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Words vs. Deeds

Words vs. Deeds  

“Words have no relation to action otherwise what kind of diplomacy is it? Words are one thing: actions another. Good words are a mask for concealment of bad deeds. Sincere diplomacy is no more possible than dry water or wooden iron.”

When assessing a company or a man data nothing can be more misleading than words. We are never better than when we are on paper, and we are never more convincing than when making a presentation. I remember a recent conversation with an entrepreneur, as he recalled his big deals.

It was going to be great, a real moneymaker, but someone with more money and clout stepped in.

It was all set up for sale and my partners dropped the ball.

I know I was a defendant, and I lost, it was just lucky lawyering on the other guy’s part.

I know this man, and he has made a lot of money over the years on many different projects, so when he asked for help, I took a look. As I did my homework on the entities he controlled, reviewing the decisions and errors that were made, they all landed right in his lap. Yet, despite overwhelming evidence, he still maintained that it was someone else’s fault. Take two. I set him and his new project up with an audience. His presentation goes well and everybody’s questions were answered. He gave a convincing presentation, including many facts, and he embellished by stating that he was the only person who could make this project work. He dwelled on compliance and accounting issues, and how everything had to be just right. But I knew there was a problem ‐‐ he hadn’t filed personal tax returns in over ten years.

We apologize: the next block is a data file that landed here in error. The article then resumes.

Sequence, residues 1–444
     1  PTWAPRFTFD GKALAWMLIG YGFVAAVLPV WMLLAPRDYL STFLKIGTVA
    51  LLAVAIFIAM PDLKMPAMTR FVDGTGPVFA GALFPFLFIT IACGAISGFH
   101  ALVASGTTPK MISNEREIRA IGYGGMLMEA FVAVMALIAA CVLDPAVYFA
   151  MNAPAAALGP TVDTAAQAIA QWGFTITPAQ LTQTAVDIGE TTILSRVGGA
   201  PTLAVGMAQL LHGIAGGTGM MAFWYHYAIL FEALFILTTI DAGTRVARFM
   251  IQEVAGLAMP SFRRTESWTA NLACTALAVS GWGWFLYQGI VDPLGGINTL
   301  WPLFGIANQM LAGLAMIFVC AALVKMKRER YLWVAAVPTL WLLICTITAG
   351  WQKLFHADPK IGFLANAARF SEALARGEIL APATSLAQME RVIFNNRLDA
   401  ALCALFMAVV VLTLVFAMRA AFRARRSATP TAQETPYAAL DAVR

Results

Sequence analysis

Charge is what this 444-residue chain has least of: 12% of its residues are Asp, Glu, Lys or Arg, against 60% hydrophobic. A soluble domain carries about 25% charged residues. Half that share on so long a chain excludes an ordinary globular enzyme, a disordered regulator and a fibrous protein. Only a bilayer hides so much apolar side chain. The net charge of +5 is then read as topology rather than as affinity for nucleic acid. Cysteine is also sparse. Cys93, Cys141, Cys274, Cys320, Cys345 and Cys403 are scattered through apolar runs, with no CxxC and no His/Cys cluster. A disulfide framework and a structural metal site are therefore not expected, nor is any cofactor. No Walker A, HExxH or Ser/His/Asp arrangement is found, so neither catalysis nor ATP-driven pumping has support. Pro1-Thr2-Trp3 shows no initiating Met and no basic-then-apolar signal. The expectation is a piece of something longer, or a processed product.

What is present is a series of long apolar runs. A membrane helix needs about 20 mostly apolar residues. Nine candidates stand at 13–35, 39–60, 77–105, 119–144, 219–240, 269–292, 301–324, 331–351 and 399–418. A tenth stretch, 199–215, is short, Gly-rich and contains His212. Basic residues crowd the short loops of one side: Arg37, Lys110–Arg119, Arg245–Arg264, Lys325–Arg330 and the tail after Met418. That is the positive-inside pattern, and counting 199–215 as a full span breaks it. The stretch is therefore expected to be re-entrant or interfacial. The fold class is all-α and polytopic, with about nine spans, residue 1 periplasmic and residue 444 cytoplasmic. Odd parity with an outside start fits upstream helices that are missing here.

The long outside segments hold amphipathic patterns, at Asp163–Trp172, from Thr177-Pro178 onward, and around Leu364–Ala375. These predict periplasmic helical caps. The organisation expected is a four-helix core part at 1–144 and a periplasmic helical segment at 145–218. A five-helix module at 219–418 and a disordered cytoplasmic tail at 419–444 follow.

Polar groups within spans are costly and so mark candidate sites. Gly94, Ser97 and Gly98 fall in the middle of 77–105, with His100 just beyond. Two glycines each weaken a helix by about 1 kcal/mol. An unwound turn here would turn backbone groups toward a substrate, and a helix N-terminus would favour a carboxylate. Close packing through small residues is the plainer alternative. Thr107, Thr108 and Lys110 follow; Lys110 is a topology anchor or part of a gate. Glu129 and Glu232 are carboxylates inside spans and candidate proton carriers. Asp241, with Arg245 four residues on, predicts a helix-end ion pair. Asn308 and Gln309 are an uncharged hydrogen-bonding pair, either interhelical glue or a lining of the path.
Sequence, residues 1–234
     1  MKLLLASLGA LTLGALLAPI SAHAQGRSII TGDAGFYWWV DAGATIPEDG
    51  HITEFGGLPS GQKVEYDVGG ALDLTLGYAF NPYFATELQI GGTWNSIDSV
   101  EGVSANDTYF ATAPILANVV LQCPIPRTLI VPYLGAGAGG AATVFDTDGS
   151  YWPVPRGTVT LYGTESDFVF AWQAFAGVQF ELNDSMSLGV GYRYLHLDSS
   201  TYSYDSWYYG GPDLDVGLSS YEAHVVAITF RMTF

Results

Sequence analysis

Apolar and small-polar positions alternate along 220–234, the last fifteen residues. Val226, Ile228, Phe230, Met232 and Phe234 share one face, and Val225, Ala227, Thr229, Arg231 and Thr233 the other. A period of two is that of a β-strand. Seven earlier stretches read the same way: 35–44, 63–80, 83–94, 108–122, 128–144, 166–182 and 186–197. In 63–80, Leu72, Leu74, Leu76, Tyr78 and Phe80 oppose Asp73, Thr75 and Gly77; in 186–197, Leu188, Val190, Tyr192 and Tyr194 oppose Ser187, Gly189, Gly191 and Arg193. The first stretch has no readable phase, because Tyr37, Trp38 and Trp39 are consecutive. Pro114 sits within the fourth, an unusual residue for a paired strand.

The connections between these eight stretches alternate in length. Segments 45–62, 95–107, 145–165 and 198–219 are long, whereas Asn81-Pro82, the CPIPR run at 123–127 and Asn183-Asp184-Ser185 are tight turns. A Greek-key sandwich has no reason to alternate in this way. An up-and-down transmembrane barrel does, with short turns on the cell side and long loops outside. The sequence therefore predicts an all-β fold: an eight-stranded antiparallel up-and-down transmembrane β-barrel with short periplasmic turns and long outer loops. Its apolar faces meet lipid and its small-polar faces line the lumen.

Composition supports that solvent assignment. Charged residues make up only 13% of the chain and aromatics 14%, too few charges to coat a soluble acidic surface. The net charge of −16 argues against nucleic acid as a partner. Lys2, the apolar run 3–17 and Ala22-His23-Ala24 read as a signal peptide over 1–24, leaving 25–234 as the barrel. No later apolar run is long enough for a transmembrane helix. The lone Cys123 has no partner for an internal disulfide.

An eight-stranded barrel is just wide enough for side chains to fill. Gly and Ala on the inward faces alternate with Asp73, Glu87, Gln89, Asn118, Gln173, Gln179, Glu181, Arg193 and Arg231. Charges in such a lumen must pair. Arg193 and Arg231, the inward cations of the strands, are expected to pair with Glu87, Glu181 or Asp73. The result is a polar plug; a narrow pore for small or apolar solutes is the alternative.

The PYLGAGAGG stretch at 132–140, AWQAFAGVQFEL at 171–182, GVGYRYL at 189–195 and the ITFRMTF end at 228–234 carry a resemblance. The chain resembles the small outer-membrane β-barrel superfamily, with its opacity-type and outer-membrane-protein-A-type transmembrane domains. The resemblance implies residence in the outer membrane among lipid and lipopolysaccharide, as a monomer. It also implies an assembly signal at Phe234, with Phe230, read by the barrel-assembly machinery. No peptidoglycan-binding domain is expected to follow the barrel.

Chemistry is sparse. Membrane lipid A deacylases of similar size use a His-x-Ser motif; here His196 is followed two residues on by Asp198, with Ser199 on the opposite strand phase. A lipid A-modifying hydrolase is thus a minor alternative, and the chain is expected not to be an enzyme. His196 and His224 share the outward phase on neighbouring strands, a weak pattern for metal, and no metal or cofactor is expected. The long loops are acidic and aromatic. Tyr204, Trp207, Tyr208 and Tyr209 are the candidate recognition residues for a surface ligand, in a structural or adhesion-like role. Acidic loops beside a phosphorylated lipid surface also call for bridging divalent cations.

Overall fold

He kept repeating the need for compliance, compliance, and compliance – and he never once added, oh, and by the way, I’m not compliant. A clear division between words and deeds. The problem was twofold – his plan was a complex engineering project that required real management skills and multiple disciplines to pull off. A real management team was never assembled, and no help was recruited ‐‐ because the people he needed were too expense, and he could do it himself. Maybe he could do both the work and the science himself ‐‐ but there are only so many days in a week, and he had filled all eleven of them. Thus, another forced split between words and deeds, over‐promise and under‐deliver. I did help him, but from within the context of what I knew. I put together a proposal that included outside funding, external experts, additional management, and a review process. His answer to the proposal was “You’re stealing my project from me.” The assembled team and I sat in numb silence. We failed to realize the fatal flaw from the beginning. His words and deeds were incongruent. Upon this realization, we should have stopped. The quote at the beginning? V.I. Lenin

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